This funding will be provided by the Department of Fisheries and Aquaculture through the Fisheries Technology and New Opportunities Program. The initiative is being carried out in partnership with the Canadian Centre for Fisheries Innovation (CCFI) and the Fish, Food and Allied Workers (FFAW).
"This is a particularly important project for the harvesting sector at a time when energy prices are high," said the Honourable Trevor Taylor, acting Minister of Fisheries and Aquaculture. "The industry advises our government that soaring fuel prices have drastically impacted profitability of the harvesting sector in this province."
"CCFI has spearheaded a wide range of initiatives in recent years to mitigate the impact of rising fuel costs"
Carey Bonnell, Managing Director of the Canadian Centre for Fisheries Innovation.
In order to assist the Department of Fisheries and Aquaculture, an advisory team has been put in place to guide the initiative. The team includes representation from the Provincial Government, CCFI, the FFAW, the Marine Institute, Memorial University, the National Research Council, and, the Department of Fisheries and Oceans. This committee was formed earlier this year to design a strategy in terms of short, medium and long-term measures that can be implemented to assist the harvesting sector address fuel efficiency issues.
"CCFI has spearheaded a wide range of initiatives in recent years to mitigate the impact of rising fuel costs," said Carey Bonnell, Managing Director of the Canadian Centre for Fisheries Innovation. "The key output from this project will be the delivery of eight regional workshops throughout the province, focused on an immediate and measurable reduction in fuel consumption."
The project will have an initial phase to develop an in-depth program to be directed towards identifying solutions to very serious energy efficiency challenges facing the harvesting sector. The initial phase will identify short-term measures that can result in potential energy savings that can be implemented for the 2009 fishing season. A steering committee has been formed that will oversee this initial phase. In order to provide tangible targets, the steering committee has proposed a reduction in energy consumption by up to 20 per cent by 2009.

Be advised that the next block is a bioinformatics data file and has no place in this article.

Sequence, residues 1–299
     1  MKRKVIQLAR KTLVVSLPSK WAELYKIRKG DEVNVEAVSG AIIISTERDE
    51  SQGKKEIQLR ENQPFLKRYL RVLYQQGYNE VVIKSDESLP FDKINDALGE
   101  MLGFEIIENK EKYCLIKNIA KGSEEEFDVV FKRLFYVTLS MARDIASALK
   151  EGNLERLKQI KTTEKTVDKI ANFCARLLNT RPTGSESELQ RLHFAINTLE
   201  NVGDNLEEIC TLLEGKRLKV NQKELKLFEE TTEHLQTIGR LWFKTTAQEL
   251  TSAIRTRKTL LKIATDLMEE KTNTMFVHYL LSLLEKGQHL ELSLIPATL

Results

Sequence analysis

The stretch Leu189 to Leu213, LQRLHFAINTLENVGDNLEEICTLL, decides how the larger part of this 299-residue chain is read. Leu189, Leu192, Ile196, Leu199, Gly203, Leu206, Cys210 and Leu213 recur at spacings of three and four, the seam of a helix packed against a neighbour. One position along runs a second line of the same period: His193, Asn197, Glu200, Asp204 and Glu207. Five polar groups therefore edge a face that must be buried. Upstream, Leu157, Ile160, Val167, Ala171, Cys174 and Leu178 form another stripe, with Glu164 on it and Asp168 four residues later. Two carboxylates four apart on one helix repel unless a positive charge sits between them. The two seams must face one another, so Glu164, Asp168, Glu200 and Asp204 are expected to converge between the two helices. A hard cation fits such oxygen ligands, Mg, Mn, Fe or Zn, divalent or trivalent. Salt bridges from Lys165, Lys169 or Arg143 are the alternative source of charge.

"This project is the first step in addressing one of the major challenges facing the provinces fishing industry the high cost of fuel," said David Decker, FFAW/CAW Secretary-Treasurer. "It will help us identify the needs, and the kind of investment that will be required to put a green boat plan in place, reducing fuel costs for our members and reducing the fishing industrys carbon footprint. The skyrocketing fuel costs had the potential of shutting down some fisheries this year. We need to do whatever we can to get these costs under control so fisheries and jobs are not threatened."
The immediate goal of the project is to analyze the industrys fuel consumption patterns based on current practices. The team will then quantify potential fuel savings through specific energy efficient measures and identify areas where efficiency gains can be made in the short-term. The project will identify what harvesters are already doing and share energy efficiency measures between the inshore fishing fleet.
"My department is looking forward to working with our colleagues in industry and the post-secondary institutions to address this very serious problem that is facing a number of industries as the price of fuel continues to grow," said Minister Taylor. "We are sure that it will complement the existing provincial and federal tax relief measures available to harvesters and processors to reduce the impact of the increasing cost of fuel."
The Provincial Government has allocated $6 million over three years for research and development projects under the Fisheries Technology and New Opportunities Program. Budget 2008 allocated $2 million for this year. To date, more than $1.6 million in project funding has been approved under the program. This program is a component of the Fishing Industry Renewal Strategy.